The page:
FARC Computer Files Are Authentic, Interpol Probe Finds

Ronald K. Noble of Interpol said there was no evidence that Colombian authorities had altered data from computers found in a March 1 raid on a rebel camp in Ecuador.
Ronald K. Noble of Interpol said there was no evidence that Colombian authorities had altered data from computers found in a March 1 raid on a rebel camp in Ecuador. (By Fernando Vergara -- Associated Press)
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By Juan Forero
Washington Post Foreign Service
Friday, May 16, 2008

CARACAS, Venezuela, May 15 -- Interpol, the international police agency, said Thursday that computer files seized by Colombia's army in a raid on a rebel camp belonged to a top guerrilla commander and had not been modified, falsified or forged.

The announcement, made at a news conference in the Colombian capital by Interpol's secretary general, Ronald K. Noble, was a blow to Venezuelan President Hugo Chávez, who sought to discredit the files because they contain information linking his government with a rebel force fighting to topple Colombian President Álvaro Uribe.

"No one can ever question whether or not the Colombian government tampered with the seized FARC computers," Noble said in Bogota, referring to the Revolutionary Armed Forces of Colombia by the rebel group's Spanish initials. "We are absolutely certain that the computer exhibits that our experts examined came from a FARC terrorist camp."

The files contain e-mails and other documents that show how Venezuela's populist leader had formed such a tight bond with guerrilla commanders that his key lieutenants had offered help in obtaining sophisticated weaponry such as surface-to-air missiles while delivering lighter arms. The files also document links between the FARC and Ecuador's president, Rafael Correa, a close ally of Chávez.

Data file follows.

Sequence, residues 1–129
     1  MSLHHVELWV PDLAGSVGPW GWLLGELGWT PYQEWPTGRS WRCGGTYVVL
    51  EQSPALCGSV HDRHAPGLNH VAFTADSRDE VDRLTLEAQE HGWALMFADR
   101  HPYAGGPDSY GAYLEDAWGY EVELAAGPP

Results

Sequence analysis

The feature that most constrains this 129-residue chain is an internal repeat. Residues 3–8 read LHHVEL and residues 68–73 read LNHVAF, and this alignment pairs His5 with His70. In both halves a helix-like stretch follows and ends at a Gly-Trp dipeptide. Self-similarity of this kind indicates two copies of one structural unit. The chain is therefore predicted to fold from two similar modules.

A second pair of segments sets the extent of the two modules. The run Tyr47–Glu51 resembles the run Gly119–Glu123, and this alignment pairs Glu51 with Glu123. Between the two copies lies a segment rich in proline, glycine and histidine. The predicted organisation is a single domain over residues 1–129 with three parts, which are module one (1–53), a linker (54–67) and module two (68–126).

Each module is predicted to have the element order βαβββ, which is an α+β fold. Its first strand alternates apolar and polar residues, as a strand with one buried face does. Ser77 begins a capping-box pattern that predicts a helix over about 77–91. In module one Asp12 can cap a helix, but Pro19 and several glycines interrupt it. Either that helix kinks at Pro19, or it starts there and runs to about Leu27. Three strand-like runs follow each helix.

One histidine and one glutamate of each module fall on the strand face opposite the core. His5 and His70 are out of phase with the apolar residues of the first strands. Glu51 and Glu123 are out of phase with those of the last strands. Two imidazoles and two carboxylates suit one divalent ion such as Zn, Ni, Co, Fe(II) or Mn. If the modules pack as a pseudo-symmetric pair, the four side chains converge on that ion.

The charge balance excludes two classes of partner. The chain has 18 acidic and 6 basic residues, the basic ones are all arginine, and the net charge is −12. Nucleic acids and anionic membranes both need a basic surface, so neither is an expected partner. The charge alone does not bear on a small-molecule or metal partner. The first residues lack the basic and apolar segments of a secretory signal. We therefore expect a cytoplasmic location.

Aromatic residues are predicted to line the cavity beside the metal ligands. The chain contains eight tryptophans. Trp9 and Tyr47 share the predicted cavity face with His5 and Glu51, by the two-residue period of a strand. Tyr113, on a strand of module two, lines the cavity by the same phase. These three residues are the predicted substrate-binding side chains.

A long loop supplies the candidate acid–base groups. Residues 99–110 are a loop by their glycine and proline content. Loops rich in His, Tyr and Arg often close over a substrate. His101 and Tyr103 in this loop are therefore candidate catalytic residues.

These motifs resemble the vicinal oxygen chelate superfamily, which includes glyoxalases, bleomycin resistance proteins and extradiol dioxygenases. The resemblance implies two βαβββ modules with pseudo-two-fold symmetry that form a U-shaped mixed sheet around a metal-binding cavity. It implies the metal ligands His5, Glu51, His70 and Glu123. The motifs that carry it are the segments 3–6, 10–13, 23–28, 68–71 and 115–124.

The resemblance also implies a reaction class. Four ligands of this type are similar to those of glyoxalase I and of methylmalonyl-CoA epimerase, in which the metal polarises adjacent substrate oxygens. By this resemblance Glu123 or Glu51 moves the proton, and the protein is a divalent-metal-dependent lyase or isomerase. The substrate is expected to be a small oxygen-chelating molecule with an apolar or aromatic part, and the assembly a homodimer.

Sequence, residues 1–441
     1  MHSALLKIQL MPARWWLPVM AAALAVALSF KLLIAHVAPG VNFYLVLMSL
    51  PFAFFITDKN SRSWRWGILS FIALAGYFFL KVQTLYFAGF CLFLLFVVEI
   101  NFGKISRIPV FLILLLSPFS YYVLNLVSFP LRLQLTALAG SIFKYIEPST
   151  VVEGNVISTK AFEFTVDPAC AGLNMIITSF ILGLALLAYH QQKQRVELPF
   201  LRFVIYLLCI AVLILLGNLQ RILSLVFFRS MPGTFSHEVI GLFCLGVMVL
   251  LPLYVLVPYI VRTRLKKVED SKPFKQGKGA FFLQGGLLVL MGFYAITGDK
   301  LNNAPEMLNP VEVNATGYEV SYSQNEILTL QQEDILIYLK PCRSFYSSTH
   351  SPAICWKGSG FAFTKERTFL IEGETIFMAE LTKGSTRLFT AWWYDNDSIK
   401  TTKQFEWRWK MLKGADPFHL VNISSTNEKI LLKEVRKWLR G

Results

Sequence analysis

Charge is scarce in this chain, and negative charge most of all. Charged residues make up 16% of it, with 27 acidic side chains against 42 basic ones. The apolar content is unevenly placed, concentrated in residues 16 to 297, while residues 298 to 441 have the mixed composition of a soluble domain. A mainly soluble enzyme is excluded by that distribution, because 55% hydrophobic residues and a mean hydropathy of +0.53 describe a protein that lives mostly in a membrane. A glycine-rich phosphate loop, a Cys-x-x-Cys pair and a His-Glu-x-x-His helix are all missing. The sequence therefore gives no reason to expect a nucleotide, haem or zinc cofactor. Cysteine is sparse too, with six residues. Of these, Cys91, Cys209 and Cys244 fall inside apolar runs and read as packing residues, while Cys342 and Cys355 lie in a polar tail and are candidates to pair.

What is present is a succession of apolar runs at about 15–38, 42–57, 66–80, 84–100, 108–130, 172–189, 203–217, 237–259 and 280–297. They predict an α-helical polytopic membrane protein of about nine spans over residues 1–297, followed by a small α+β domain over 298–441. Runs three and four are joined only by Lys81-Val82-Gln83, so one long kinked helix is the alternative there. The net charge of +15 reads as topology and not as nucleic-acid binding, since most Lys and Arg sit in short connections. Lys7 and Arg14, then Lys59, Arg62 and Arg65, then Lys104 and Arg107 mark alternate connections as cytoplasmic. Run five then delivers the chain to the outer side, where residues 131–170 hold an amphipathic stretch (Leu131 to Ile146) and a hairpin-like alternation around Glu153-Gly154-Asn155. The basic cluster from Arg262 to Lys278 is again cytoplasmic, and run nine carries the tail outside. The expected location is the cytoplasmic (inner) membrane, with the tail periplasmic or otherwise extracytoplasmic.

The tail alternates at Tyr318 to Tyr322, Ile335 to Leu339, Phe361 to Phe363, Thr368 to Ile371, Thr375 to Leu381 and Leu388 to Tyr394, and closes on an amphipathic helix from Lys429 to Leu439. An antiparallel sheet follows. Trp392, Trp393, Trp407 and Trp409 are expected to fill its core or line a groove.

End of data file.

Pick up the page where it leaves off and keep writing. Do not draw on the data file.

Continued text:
At a news conference in Caracas, Chávez questioned Interpol's impartiality, called the report "ridiculous" and mocked Noble as "ignoble" and a "gringo policeman," referring to his American citizenship. Chávez also called the Interpol chief corrupt and an "international bum."

Chávez also said Colombia committed an international crime by striking the rebel camp where the computers were found. "He came to applaud assassins," Chávez said of Noble and the Colombian officials who attended his news conference. "How sad. How indignant this is."

Chávez has consistently denied arming or funding the FARC.

In Paris, where she was traveling with Correa, Ecuadoran Foreign Minister María Isabel Salvador said the "chain of custody" of the documents had not been guaranteed, so the files had "lost moral value."

Noble said Interpol could not vouch for the content of the messages and other FARC documents. He also explained that the forensic experts who examined the files do not read Spanish, saying this was done purposely to ensure an impartial investigation.

Noble commended the professionalism of Colombian authorities and stressed that "there was no tampering with or altering of any of the data contained in the user files by any of the Colombian law enforcement authorities."

Interpol's findings, after a two-month forensic analysis, could fuel efforts by a small group of Republicans on Capitol Hill to have Venezuela classified as a state sponsor of terrorism. The FARC has long been listed in Washington as a terrorist group.

U.S. officials have worried since early in Chávez's term that the ideological affinity he shared with the FARC had translated into aid. Recently declassified cables, obtained by the nongovernmental National Security Archive in Washington, show how U.S. diplomats in the region believed Chavez was providing secret assistance.

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